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Press release

Groninger Museum showcases five millennia of Asian ceramics in new exhibition

Wednesday 15 May 2024
Dragons & Demons, Anders collection
Dragons & Demons, Anders collection

Groninger Museum showcases five millennia of Asian ceramics in new exhibition

This Chinese Year of the Dragon, the Groninger Museum invites visitors on a journey through 5,000 years of Asian ceramics. A new exhibition illuminates a range of aspects of ceramics culture in China and Japan through objects dating from 3000 BCE to the early 20th century. Dragons & Demons: 5,000 Years of Asian Ceramics from the Anders Collection showcases a unique selection of pieces from the collection of George Anders and Netty Bücher. Each item tells us something about everyday life, habits and rituals, and the decorative urge in Asian cultures. Visitors will discover 400 exquisite objects collected by Anders and Bücher. Dragons & Demons is on currently on display at the Groninger Museum.

A range of themes

The exhibition tells a variety of stories, organised by a diverse range of themes. Some objects are grouped according to function – tea drinking, incense burning, ancestor worship. Animals feature heavily – real ones such as lions, chickens and fish and mythical creatures like the Chinese dragon and the phoenix. The exhibition explores spiritual and philosophical subjects, such as the role and significance of East Asian deities in society and musings on the cosmos. Chinese and Japanese tales and legends, such as the story of the Eight Immortals, also play an important part in the show. Dragons & Demons includes several unique and extremely rare objects.

A tangible experience

Visitors to the exhibition will have a unique opportunity to touch ceramic fragments from the 17th and 18th centuries. Feeling the material will enable them to better understand and appreciate the texture, form and delicacy of the objects and their decorative techniques. This added dimension makes Dragons & Demons a richer sensory experience.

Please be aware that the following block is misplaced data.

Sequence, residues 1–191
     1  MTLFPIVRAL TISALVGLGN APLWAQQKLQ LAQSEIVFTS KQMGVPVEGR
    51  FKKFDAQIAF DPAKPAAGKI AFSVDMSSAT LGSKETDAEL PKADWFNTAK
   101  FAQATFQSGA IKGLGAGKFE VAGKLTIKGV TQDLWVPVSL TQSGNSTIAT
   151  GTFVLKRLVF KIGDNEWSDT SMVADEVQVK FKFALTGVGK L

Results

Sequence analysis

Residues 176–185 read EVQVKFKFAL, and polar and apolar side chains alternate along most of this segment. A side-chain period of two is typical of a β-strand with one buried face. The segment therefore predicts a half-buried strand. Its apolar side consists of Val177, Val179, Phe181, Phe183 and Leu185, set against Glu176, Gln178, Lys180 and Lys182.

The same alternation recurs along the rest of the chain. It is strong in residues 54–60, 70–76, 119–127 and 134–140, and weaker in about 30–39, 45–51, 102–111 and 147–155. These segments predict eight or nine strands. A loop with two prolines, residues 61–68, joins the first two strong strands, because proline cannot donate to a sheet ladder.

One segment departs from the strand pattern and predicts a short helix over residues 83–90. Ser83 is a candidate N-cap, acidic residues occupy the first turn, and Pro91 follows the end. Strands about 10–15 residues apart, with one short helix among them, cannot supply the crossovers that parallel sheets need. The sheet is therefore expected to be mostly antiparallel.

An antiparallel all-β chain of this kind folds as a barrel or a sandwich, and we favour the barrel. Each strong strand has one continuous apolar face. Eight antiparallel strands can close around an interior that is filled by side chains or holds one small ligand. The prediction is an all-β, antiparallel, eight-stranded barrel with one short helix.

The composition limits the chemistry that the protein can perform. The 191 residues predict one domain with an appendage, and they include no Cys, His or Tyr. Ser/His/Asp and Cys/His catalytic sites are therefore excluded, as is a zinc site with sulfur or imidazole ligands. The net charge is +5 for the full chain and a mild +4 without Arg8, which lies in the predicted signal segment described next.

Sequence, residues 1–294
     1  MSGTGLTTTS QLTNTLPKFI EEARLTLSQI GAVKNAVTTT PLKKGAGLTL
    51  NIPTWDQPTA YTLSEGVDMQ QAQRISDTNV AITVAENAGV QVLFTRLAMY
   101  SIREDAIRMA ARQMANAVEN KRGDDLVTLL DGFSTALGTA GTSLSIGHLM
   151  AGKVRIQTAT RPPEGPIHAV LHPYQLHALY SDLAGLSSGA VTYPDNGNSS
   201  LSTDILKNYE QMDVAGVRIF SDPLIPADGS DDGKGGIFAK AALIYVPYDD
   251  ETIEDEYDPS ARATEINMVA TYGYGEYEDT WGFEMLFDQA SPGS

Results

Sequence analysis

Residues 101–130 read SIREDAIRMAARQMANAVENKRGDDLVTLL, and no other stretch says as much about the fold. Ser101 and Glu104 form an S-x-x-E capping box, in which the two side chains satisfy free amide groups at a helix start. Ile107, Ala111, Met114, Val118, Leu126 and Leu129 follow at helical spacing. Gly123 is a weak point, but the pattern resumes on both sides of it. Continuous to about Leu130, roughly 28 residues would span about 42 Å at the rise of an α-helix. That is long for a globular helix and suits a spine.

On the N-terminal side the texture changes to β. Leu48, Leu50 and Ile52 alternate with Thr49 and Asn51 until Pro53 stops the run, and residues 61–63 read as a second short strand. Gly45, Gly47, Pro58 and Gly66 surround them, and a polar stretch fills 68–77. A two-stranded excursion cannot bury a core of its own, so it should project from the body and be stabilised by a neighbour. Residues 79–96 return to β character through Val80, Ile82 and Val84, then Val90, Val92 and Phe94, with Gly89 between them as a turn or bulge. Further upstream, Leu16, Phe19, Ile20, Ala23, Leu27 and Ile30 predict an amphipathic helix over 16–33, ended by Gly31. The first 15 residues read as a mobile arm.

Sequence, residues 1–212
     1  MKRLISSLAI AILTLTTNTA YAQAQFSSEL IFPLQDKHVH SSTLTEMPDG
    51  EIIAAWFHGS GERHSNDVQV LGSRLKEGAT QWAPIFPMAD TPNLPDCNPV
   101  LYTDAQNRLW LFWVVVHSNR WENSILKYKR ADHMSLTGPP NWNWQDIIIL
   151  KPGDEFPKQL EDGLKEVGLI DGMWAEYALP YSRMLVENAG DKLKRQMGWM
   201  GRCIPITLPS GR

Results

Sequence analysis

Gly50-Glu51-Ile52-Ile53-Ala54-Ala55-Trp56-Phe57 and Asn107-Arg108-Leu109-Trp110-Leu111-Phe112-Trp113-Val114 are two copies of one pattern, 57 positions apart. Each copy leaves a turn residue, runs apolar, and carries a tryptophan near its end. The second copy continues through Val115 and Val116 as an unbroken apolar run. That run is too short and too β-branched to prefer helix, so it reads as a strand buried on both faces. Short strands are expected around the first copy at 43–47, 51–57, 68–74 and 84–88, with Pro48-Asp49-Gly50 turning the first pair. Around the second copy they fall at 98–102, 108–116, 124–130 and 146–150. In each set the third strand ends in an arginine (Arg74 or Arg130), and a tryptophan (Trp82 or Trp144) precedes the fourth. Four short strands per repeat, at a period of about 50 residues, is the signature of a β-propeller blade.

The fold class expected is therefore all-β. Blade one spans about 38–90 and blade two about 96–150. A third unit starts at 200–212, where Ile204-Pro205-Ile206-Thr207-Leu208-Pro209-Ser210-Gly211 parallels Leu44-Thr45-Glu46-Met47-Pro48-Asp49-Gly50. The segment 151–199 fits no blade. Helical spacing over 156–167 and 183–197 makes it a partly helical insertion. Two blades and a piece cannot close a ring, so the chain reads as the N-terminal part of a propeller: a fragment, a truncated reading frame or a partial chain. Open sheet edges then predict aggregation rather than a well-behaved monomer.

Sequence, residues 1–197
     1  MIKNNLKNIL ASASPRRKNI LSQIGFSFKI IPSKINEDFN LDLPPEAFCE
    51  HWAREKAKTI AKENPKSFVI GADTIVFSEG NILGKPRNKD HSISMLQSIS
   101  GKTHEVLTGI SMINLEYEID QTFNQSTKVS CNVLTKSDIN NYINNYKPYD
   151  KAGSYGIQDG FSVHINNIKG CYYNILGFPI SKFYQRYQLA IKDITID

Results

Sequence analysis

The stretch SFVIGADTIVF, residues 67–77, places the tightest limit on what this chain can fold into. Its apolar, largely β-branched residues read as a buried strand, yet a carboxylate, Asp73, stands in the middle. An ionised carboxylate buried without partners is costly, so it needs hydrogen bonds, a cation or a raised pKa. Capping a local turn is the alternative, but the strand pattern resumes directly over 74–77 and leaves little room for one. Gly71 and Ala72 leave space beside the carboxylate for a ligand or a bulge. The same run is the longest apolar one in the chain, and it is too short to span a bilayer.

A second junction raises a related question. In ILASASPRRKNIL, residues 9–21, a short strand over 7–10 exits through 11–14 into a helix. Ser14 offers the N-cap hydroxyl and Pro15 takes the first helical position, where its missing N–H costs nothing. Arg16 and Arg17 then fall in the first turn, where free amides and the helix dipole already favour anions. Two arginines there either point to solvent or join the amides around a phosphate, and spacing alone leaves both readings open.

To demonstrate the continuing relevance of ceramics in everyday life, public tea ceremonies will be held. Participants will consume tea in the traditional Chinese manner. For an optimum experience, they will use the same type of teaware that can be seen in the exhibition.

The Anders family collection

The Luxembourger George Anders and the Swiss Netty Bücher, longtime residents of the village of Haren, were enthusiastic collectors of Chinese and Japanese ceramics. Anders was a professor of human genetics and Bücher was a biologist. Together they acquired in-depth knowledge by visiting museums around the world and building an extensive library. Anders and Bücher collected more than 1,400 Asian ceramic objects, from extremely early pieces to contemporary ones, by buying at auction. They founded the Stichting voor Aziatische Kunst en Kunstnijverheid (Asian Fine and Applied Art Foundation), which with the Groninger Museum has looked after their collection since their deaths and regularly acquires new pieces to add to it. The Anders collection will eventually be merged with he museum’s to form the largest and most varied collection in the Netherlands.

This exhibition is curated by professor Christiaan Jörg, a former curator at the museum, and junior curator of Asian ceramics Lecong Zhou.

Dragons & Demons: 5,000 Years of Asian Ceramics from the Anders Collection is on display now until January 4th, 2026 in the Starck Pavilion.

Note the editor, not for publication

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Click here for images from Dragons & Demons.